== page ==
Sunday, 14 April 2013

Page 789

Nikhil's diary had always been a subject of intense curiosity to me. The forceful pace with which he scribbled in it exacerbated my inquisitiveness each time I saw it but his tranquil and grave countenance prevented my nosiness from yielding results. He and I were great friends, yet there was an untold flimsy barricade. He often came to my place to spend his futile hours and sat narrating the agonizing intricacies of his life. At times I endeavored to probe into the pages of his prussian blue testament but it culminated into utter futility and often into trivial wars.

There was a sudden ringing of the door bell this morning. I woke up startled on my bed and stared at the giant wall clock. It was six in the morning. I dragged myself to the door and pushed it open. It was Nikhil. He stood pale and lifeless, shivering and drenched in the winter rains. Water dribbled down his wet hair in thick runnels. It had been raining violently since the last night. I called him in and fetched him a towel.  I told him to wait for a while so that I could get him a mug of coffee. He placed his little bag on the table and grabbed the towel from my hand to dry himself. I returned in a while with a couple of coffee mugs and found him plucking out articles from within his bag. All had been wetted by the rain water. There was a square watch, a drenched kerchief, a couple of cigarettes and that diary. He sipped onto the cup and released a breath of relief.

Before I could question him much, he interrupted me and said, “I need to leave early. I have some important work to finish so I am leaving these stuffs to dry. Bring these to the office” and he departed abruptly after taking the last sip.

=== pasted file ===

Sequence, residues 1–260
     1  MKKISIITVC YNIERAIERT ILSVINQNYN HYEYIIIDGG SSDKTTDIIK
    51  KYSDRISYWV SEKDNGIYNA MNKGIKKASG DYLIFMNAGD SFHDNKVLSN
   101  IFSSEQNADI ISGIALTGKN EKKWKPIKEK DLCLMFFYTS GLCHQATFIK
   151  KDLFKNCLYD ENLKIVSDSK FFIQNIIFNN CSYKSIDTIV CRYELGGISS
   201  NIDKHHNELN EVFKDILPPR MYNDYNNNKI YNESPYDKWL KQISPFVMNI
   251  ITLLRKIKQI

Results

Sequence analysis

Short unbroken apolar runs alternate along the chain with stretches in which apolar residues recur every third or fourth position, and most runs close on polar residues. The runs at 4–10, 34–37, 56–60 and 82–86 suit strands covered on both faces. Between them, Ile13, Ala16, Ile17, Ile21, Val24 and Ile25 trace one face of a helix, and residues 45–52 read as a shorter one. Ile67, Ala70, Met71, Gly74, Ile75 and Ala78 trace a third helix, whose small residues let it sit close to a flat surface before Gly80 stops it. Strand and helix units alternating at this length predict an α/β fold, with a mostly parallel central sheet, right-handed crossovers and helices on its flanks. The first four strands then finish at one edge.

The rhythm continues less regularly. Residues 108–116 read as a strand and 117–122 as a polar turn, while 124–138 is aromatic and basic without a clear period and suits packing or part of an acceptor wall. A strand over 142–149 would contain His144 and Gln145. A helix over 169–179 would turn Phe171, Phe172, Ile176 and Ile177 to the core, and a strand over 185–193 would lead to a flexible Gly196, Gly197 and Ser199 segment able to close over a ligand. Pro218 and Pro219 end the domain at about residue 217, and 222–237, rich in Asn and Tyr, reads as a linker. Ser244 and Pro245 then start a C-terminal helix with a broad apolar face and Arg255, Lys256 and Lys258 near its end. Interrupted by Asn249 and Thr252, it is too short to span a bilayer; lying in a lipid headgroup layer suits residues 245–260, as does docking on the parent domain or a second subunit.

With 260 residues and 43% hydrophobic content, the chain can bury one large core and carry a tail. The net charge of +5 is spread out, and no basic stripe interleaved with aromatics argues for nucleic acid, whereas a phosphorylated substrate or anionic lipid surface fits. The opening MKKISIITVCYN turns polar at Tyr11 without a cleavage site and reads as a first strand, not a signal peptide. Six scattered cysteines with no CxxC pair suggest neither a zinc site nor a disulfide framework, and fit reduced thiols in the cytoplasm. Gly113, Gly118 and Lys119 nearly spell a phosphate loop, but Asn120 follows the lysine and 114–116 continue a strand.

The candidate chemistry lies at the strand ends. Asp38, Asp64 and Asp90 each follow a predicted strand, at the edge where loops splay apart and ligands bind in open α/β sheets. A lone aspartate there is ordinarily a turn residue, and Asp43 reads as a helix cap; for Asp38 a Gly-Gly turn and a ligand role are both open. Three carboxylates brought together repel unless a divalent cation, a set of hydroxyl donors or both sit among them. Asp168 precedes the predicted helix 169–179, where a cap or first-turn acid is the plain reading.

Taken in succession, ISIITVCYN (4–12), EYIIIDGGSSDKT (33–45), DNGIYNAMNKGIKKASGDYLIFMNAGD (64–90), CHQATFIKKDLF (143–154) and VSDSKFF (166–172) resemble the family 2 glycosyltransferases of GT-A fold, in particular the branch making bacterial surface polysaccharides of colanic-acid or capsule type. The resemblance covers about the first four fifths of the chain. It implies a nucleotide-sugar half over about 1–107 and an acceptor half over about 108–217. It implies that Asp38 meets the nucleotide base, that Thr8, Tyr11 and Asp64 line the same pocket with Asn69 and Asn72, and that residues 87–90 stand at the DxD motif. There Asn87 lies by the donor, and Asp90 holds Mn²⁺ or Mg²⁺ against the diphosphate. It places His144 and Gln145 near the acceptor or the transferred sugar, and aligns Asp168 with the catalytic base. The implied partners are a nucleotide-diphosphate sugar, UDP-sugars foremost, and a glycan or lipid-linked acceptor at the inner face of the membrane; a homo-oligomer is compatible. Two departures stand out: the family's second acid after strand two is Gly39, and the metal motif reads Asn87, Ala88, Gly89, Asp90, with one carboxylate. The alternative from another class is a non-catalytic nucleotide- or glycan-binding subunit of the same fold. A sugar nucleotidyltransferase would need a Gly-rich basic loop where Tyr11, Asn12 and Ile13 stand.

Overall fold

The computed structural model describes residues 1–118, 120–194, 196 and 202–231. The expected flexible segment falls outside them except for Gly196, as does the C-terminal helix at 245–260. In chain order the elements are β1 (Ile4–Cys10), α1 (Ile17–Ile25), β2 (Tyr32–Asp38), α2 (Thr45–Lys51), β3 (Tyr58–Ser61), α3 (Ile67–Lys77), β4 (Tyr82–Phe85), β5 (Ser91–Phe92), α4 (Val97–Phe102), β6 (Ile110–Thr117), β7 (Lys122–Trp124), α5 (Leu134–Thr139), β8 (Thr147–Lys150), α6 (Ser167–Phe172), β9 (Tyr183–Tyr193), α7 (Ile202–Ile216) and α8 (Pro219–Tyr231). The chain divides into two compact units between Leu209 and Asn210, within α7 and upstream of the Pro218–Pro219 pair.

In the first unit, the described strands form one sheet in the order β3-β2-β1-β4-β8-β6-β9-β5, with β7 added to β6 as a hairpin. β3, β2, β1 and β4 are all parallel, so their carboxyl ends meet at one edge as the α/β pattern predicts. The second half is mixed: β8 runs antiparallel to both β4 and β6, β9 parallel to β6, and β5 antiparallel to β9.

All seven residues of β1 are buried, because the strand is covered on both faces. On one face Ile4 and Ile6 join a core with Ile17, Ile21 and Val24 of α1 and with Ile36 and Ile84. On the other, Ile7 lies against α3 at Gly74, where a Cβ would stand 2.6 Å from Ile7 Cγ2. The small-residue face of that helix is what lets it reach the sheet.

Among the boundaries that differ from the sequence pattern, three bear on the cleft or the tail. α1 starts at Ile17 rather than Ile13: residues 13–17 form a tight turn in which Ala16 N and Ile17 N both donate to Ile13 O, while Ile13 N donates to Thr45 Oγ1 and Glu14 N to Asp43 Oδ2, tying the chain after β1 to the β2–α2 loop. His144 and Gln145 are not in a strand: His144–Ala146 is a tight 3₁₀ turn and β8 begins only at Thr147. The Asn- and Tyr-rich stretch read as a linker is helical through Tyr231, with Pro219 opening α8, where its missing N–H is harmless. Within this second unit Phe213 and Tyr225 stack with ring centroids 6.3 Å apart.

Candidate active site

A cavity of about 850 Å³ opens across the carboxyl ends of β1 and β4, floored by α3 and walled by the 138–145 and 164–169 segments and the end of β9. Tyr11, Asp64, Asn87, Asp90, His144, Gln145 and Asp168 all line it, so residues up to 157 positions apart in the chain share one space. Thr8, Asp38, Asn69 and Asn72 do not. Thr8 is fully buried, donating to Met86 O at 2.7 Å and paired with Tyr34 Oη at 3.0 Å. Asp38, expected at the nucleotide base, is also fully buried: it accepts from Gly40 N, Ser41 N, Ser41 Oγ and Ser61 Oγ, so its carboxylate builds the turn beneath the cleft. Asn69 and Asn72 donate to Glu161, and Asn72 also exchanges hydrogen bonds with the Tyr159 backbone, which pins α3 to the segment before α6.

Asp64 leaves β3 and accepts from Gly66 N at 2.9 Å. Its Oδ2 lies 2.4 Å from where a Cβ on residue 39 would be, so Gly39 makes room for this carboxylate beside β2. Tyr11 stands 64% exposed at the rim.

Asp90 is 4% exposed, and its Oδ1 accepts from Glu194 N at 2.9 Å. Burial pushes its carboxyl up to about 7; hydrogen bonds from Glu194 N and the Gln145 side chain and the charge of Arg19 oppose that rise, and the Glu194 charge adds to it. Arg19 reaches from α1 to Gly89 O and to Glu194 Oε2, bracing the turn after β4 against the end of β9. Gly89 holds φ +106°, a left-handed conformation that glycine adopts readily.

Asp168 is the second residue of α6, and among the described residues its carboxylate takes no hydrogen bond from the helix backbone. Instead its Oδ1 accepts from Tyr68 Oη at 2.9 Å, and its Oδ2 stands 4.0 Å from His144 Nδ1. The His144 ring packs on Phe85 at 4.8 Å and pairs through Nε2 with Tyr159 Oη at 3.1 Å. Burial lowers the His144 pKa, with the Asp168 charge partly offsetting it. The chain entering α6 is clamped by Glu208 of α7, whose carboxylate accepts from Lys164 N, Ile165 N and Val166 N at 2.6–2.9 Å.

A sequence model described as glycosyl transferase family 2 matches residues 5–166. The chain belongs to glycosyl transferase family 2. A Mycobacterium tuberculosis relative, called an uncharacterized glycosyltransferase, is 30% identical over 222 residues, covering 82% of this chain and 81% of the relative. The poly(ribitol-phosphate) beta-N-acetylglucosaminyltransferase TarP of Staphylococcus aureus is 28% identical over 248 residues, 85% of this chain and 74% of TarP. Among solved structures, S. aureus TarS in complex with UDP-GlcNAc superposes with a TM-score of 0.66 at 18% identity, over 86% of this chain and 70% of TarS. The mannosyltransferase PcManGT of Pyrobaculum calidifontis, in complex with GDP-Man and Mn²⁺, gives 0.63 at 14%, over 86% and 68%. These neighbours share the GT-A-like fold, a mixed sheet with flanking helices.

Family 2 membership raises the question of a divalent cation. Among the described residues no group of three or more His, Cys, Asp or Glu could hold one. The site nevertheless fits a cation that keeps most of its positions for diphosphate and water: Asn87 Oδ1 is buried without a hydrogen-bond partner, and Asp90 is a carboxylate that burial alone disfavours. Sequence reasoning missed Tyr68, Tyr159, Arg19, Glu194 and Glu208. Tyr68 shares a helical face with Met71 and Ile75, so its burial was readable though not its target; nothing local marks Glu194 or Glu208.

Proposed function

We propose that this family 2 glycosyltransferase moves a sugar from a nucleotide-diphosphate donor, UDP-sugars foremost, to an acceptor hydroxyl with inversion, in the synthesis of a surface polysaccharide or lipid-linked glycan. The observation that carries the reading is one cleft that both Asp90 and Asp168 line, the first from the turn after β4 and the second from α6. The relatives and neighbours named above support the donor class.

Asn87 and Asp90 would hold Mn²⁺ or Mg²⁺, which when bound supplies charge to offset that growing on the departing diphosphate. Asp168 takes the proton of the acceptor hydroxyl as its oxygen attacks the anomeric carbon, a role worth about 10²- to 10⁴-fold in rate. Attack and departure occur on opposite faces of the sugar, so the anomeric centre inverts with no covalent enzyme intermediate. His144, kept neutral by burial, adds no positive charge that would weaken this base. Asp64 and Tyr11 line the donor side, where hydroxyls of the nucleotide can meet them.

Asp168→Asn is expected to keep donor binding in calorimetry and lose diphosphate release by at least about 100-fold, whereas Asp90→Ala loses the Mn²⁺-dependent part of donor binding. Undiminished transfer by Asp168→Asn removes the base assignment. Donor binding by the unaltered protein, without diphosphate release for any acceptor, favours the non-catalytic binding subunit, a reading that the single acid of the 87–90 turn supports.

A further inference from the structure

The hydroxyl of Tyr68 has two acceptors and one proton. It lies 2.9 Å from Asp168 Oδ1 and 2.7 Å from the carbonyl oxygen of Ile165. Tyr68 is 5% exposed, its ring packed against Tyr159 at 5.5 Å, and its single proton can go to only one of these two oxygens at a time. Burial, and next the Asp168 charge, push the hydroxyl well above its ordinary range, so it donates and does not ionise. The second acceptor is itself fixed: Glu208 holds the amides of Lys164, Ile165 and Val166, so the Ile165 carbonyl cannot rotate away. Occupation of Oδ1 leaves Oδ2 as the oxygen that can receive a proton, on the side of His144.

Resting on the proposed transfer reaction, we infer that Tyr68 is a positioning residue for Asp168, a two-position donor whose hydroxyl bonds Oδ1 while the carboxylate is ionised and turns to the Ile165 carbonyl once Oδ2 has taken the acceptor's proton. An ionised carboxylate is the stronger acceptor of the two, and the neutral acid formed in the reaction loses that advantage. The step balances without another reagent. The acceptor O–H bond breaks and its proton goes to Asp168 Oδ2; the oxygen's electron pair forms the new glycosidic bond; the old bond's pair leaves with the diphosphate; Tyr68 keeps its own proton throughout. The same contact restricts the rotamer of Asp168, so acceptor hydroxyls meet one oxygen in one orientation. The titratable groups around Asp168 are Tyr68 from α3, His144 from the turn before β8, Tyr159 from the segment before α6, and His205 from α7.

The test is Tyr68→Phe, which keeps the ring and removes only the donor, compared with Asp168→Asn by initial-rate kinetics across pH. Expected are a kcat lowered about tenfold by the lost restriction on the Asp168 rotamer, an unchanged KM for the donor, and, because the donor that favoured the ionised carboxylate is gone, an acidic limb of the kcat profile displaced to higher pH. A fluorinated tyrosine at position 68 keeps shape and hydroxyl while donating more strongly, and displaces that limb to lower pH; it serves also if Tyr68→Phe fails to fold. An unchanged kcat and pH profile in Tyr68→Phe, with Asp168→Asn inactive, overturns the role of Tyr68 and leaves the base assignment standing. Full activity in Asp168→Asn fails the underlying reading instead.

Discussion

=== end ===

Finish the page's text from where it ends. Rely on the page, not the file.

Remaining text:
As soon as he left, I leapt upon his diary with an elevated sense of victory. Ah I had made it! I ruffled the pages and it opened to the last one. It bore the number 789 and I started reading those scribbled paragraphs.
December 17, 1992

This diary has been an intimate fragment of mine since that year of 1989. It bares every moment of my life and contains a testimony of every single incident that had etched the pages of this sojourn leaving behind its impression inerasable and irreparable. It has been a loyal companion perhaps like a mirror where I stood clad in the naked truth of selfness, unfettered and unmasked. It is an oeuvre which reflects those numerous events that fills the lacuna between the brackets of my life, death and…..after!
 It was a gift from her. I had preserved it, caressed it and wrought it. She had been a concealed secret of mine. How beautiful! How somber! How feminine she appeared draped in her floral frocks! How capriciously she held me captive in her ceaseless charm! How furtively the curls tossed on her shoulders as she treaded those cobbled pavements! I had been intoxicated. We had been the most intimate cohort of each other in those few years. That was an unexplained magnetism and an inseparable amity. We sauntered about in those populated corridors where hundreds of pupils sat themselves in clusters engrossed in their playfulness and sincerity. There was immeasurable warmth of ardor, youth and nascent maturity.